Patterns are created using DesignCAD, which is a commercial computer-aided-design program. The many powerful construction and editing features of DesignCAD simplify all aspects of pattern design. Several enhancements have also been added to DesignCAD specifically to facilitate the design of lithography patterns. All of the following drawing elements may be used in pattern design: lines of arbitrary slope, circles, circular arcs, and arbitrary filled polygons. Text, Bezier curves, cubic spline curves, and elliptical arcs can also be easily generated and written as series of short lines. Pattern elements that are to have different exposure parameters (such as dose, exposure point spacing, microscope beam current, microscope magnification, etc.) are designed in different drawing layers and/or different colors. This gives an almost unlimited number of exposure conditions within a single pattern. Patterns can also be imported from DWG, DXF, GDSII, CIF, and IGES file formats.

Run File Creation

Once a pattern is designed, the exposure conditions for the different drawing elements in the pattern are entered into a "Run File". This approach offers the advantage that the details of the exposure are separated from the pattern design, therefore, to vary the exposure conditions only the run file needs to be changed. Parameter entry and modification are also extremely easy. For example, a dose may be entered as an area dose (uC/cm2), a line dose (nC/cm), or a point dose (fC) and the correct point exposure time will be calculated automatically. A single run file may contain parameters for a nearly unlimited number of different patterns that will be written sequentially and each pattern may be repeated an almost unlimited number of times. In addition, advanced features include Global Stage Corrections, Pattern Arrays, X-Y-Focus, External Commands, and Fracturing of large patterns. A single run file may instruct NPGS to control the SEM in an automated mode over many hours as it aligns and writes thousands of exposures on a wafer.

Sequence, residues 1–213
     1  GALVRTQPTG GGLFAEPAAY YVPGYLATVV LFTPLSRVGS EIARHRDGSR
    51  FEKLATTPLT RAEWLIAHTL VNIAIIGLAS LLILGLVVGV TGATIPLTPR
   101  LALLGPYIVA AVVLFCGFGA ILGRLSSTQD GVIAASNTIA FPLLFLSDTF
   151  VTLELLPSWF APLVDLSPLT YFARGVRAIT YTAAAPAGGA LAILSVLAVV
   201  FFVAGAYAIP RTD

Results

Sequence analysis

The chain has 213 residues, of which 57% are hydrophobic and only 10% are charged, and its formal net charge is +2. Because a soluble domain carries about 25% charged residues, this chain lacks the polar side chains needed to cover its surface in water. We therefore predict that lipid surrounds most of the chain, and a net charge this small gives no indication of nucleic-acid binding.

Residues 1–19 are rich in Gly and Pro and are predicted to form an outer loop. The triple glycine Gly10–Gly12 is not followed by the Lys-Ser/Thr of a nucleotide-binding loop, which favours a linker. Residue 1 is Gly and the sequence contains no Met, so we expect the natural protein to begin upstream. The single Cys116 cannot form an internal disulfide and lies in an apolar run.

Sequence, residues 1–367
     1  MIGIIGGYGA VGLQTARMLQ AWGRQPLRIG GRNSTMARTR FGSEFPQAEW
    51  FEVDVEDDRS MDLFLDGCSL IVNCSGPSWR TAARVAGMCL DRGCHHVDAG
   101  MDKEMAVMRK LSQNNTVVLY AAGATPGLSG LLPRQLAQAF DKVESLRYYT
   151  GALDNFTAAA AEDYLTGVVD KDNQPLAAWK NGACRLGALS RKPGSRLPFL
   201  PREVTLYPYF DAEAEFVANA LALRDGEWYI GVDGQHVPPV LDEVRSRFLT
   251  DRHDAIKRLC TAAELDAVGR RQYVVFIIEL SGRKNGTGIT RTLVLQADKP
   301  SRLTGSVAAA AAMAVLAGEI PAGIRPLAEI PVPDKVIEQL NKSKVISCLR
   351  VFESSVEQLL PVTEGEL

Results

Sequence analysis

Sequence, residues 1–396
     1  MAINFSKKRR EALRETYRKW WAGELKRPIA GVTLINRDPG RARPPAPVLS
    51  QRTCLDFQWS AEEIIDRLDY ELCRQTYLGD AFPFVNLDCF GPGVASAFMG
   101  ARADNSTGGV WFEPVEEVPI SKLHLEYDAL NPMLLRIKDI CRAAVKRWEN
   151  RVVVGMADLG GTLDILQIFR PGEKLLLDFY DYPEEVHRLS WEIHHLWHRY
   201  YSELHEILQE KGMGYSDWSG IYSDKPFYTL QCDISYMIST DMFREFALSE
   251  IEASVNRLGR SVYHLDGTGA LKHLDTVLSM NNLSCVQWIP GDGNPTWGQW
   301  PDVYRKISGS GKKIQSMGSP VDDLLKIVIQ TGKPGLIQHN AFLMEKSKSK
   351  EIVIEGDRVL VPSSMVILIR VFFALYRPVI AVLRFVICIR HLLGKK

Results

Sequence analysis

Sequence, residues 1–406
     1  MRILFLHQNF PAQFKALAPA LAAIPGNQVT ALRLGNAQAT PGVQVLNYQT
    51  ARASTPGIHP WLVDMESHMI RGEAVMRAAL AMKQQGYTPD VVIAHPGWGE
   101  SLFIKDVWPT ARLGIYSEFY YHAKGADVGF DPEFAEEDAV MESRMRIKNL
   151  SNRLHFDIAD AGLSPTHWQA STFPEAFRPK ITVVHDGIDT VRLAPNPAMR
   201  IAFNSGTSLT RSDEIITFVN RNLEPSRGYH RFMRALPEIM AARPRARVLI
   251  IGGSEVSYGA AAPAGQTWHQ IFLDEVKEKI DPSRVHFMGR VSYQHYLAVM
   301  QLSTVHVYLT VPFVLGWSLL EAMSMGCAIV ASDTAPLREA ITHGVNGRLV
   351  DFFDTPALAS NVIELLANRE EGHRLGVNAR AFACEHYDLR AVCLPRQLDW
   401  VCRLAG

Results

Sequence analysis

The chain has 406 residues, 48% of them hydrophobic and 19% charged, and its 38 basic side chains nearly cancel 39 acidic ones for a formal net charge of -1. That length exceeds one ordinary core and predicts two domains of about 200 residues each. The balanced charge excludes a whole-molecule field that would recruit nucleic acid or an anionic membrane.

Pattern Writing and Alignment

Once a run file has been created, the pattern(s) it describes may be written using the program NPGS. This program reads the run file and automatically calls the writing (PG) and alignment (AL) programs described below. NPGS can be used in a turnkey fashion with minimal user interaction, or the user can have complete control over the pattern writing - even writing patterns that were not called for in the original run file. Alternately, PG and AL are completely modular and can execute run files directly.

PG writes a pattern by simultaneously controlling the x-y scan coils and beam blanking of the microscope. The scan coils are stepped with 16-bit voltage resolution within the field of view of the microscope and the beam is blanked as needed. Patterns can be written as a series of point exposures where the beam is blanked between exposure points, or the beam can be stepped without blanking. In either case, the dwell times are controlled with better than 0.25% timing resolution at all writing speeds. To maximize throughput, the software automatically calculates the exposure points as fast as possible, independent of the actual writing speed.

Patterns may be aligned to existing alignment marks without exposing the writing area by using the alignment program AL. An alignment pattern may have several sets of windows. For example, large windows for coarse alignment followed by smaller windows for fine alignment are very useful. Each set may have up to four user defined windows anywhere on the sample. The images of the sample areas within the windows are simultaneously displayed on the PC screen. User defined overlays are also displayed superimposed on the sample images. In the Auto-Alignment mode the overlays are controlled by the computer and are individually positioned to align with the marks on the sample using a very versatile and robust cross-correlation technique, while in the semi-automatic mode the overlays are positioned manually. Once they are aligned, the program calculates a general transformation matrix that corrects for x and y magnification errors of the microscope, as well as sample rotation and offset. Signal averaging is used to optimize the image of the alignment marks for maximum alignment accuracy. This transformation matrix is subsequently used by PG when writing the pattern to give accurate registration between lithography levels.